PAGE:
This is what the solar eclipse looked like in Miami.

You might have noticed a little something happen at 2:58 p.m. today – a solar eclipse, the first in the U.S. in 38 years. For a couple minutes, the blazing afternoon summer sun briefly became bearable as the moon came between the sun and the earth.

A mostly eclipsed heart #eclipse2017

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At the peak of the solar eclipse in South Florida, 80 percent of the sun was covered, and at least that percentage of Miamians were taking selfies with eclipse glasses on.

Miami Herald reporter Lance Dixon, caught in the act (Courtesy of Lance Dixon)

Caught mid #Solareclipse selfie. 🌚🌝🔥

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This is what it looked like.

Amazing, I love you Nature 🌒🌑🌘

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Trying to get that perfect shot from the Frost Museum of Science observation deck (Credit: Ariel Zirulnick / The New Tropic)


Rachel Bleemer got this dope shot from the top of the Freedom Tower. (Courtesy of Rachel Bleemer)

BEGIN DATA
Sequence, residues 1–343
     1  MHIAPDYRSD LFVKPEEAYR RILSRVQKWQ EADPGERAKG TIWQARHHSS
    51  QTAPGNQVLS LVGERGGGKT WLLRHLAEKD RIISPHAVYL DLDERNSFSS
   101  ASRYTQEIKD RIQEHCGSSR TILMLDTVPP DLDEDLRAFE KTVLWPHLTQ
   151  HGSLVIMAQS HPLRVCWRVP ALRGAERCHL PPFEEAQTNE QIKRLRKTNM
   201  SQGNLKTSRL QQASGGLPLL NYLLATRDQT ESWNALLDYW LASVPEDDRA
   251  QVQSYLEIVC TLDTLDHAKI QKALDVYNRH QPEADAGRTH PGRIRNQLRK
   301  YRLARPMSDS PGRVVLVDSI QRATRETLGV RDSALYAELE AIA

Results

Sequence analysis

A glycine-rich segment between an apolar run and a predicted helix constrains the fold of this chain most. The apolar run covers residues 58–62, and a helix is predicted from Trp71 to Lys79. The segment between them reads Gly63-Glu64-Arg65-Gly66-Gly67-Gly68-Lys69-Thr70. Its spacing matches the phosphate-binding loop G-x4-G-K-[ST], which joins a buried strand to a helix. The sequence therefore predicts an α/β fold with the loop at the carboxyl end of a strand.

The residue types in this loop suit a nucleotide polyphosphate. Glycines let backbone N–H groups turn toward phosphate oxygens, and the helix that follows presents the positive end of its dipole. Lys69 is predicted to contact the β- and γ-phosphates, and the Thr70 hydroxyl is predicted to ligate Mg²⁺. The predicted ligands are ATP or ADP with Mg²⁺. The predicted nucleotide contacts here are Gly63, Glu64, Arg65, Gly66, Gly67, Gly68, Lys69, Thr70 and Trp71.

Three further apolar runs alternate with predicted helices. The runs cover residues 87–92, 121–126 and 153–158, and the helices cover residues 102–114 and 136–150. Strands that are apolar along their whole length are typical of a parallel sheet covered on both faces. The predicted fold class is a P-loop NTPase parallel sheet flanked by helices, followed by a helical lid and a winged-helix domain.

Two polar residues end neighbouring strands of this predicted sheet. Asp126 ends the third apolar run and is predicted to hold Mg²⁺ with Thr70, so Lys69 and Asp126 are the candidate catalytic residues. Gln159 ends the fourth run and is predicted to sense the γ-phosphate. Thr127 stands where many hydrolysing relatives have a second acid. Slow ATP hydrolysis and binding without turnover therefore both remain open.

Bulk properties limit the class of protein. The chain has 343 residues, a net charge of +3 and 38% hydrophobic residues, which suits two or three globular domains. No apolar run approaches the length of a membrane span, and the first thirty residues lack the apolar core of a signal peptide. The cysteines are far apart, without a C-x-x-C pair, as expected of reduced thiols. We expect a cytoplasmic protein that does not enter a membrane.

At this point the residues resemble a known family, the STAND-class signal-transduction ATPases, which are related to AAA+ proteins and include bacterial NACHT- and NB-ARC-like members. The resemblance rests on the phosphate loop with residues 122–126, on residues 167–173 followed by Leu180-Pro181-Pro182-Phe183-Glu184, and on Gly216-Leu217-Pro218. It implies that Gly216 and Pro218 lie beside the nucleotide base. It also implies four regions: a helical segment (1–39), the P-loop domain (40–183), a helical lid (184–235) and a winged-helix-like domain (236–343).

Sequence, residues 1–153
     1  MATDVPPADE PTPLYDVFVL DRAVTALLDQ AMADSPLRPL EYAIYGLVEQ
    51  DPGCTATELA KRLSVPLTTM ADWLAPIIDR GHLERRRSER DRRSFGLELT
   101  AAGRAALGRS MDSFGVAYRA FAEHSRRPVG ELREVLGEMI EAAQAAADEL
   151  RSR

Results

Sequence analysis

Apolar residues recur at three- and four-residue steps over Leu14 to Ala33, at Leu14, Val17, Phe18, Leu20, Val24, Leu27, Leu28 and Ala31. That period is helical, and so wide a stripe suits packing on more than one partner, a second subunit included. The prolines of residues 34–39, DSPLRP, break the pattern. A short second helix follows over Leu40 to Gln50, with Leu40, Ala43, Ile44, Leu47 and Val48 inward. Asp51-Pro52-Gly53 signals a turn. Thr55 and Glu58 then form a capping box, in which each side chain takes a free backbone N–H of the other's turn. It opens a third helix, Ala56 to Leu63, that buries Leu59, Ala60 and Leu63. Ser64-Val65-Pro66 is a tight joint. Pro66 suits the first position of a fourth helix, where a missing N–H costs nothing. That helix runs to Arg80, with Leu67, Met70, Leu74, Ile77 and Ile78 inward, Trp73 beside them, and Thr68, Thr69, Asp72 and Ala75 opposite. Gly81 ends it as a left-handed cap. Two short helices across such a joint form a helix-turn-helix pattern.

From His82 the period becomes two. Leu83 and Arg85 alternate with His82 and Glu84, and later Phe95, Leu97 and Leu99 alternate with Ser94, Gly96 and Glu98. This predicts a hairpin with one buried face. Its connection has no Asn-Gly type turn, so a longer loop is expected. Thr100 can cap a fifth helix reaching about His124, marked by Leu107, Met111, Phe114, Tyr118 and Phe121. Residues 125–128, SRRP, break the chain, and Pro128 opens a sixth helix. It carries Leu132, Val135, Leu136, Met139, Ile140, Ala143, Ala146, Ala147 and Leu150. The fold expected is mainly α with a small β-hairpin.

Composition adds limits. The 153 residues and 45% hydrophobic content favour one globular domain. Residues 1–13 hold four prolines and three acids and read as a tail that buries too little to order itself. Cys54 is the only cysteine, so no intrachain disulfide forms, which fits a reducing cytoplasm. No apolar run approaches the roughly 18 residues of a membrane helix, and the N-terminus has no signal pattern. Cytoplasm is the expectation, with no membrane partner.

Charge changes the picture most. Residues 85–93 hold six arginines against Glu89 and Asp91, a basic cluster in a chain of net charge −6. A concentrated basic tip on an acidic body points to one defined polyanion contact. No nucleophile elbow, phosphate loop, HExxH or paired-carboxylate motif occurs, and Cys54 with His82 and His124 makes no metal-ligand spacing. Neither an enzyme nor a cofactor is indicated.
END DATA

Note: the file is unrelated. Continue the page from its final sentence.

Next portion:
The kiddies loved it.

The #solareclipse2017 @learn01 VR crew

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So did the adults.

Community bonding through scientific phenomena?! #solareclipse

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Eclipse viewing party at work. 🌞🌚💗 #eclipse #miami

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Made it just in time for #solareclipse2017 😎🌒

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Father-daughter bonding on the observation deck of Frost Museum of Science (Credit: Ariel Zirulnick / The New Tropic)

If you never looked down, you missed out. The eclipse made all kinds of crazy shadow patterns, too.

Don't forget to look down too. Small shadows will create pinhole effects. SCIENCE!

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If you missed it, it’s OK – you only have to wait until 2024 for the next one in the U.S. At least you were not this guy, burning your retinas.